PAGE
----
Unfortunately, many of us are forced to deal with bullies at school or work. There are many reasons why people choose to bully other individuals, and studies have found that many people who bully others are victims of violence. While this doesn’t excuse their behavior, it can help you better understand why bullies behave the way they do.
If you are a parent and you find that your child is being bullied while at school, the best way to deal with the situation is to take the matter directly to the bully’s parents, the teacher or to the school counselor. Many people believe that if school bullying is reported, the child being bullied will be at risk for retaliation and even more bullying. However, this simply isn’t usually the case.
A good way to teach your child how to handle bullies is to encourage him or her to seek out peers that he/she feels safe and comfortable around. Maintaining a solid group of friends is often an effective deterrent for bullies who frequently target kids who spend most of their time alone. It is also important to help promote your child’s self-esteem. It has been found that people with good self-esteem are at lower risk for being bullied. In certain cases it may be helpful and appropriate to take your child to a counselor or therapist who can help him/her develop increased self confidence and learn techniques and strategies to more effectively deal with bullies both mentally and emotionally.
Bullying does not just impact children, but adults as well. If you regularly feel intimidated by a particular person at work who yells at you, insults you or constantly puts you down, you are probably one of the more than 50 million Americans who has been victimized by a workplace bully. A workplace bully is a person who picks out your mistakes and brings them up every chance they get. This person may also gossip about you, make up stories about you, or may even deliberately sabotage your work.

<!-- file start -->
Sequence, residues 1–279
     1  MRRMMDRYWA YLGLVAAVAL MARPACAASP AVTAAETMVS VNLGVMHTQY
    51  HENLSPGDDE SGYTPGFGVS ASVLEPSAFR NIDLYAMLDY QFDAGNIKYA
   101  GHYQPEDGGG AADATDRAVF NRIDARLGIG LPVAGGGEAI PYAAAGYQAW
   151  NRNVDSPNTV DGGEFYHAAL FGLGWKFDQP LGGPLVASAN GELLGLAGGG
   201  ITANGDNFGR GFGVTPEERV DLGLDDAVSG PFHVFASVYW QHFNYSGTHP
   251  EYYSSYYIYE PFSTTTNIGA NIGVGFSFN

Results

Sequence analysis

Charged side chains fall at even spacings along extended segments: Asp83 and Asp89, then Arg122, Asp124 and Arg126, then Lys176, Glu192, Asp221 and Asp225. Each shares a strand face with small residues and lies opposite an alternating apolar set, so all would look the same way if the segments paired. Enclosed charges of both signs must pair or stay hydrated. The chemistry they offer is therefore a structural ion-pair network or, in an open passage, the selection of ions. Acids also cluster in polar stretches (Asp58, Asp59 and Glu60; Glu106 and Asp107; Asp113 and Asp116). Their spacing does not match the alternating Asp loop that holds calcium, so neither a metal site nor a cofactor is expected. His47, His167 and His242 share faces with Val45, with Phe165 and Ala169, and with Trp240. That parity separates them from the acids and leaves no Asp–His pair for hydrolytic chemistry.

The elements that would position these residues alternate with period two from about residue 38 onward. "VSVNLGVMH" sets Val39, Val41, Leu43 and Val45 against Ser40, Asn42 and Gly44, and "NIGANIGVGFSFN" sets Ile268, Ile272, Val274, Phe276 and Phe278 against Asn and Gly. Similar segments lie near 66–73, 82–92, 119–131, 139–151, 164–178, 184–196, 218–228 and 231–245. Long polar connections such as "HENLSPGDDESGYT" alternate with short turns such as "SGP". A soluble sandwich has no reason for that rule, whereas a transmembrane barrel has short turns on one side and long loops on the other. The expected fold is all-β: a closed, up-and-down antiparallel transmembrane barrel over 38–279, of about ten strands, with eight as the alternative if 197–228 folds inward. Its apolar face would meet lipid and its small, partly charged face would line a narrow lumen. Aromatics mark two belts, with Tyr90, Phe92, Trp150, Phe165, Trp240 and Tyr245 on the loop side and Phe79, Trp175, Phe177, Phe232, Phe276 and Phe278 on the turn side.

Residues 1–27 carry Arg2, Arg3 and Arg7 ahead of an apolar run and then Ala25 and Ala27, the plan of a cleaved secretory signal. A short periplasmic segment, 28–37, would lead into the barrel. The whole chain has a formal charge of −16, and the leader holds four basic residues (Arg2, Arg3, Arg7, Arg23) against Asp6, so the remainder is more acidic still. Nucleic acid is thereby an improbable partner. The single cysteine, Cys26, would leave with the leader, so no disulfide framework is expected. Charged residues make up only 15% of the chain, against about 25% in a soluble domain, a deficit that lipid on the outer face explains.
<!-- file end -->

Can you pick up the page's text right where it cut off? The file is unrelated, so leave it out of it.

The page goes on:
The best way to deal with an office bully is to face that person head on by pointing out the fact that he or she is bullying you and that you demand he/she stops. Just as a parent shouldn’t give in to a young child’s tantrum because it only leads to more tantrums, victims of bullies should not back down because doing so often leads to more bullying. If the person disregards your request to stop the behavior, it is time to take matters to the next level.
Make it a point to document the bullying that takes place with the date, time and details of each incident. Be sure to note if other employees witnessed the bullying. If the person who is bullying you does so via email, maintain copies of the emails you have received. When you have accumulated enough data, take this evidence to your supervisor or to your human resources office and file a formal complaint. By taking these steps, you will not only put an end to the daily bullying you were experiencing, but you will also set a standard that that type of behavior is not tolerated in the workplace and will lead to consequences for anyone who engages in it.
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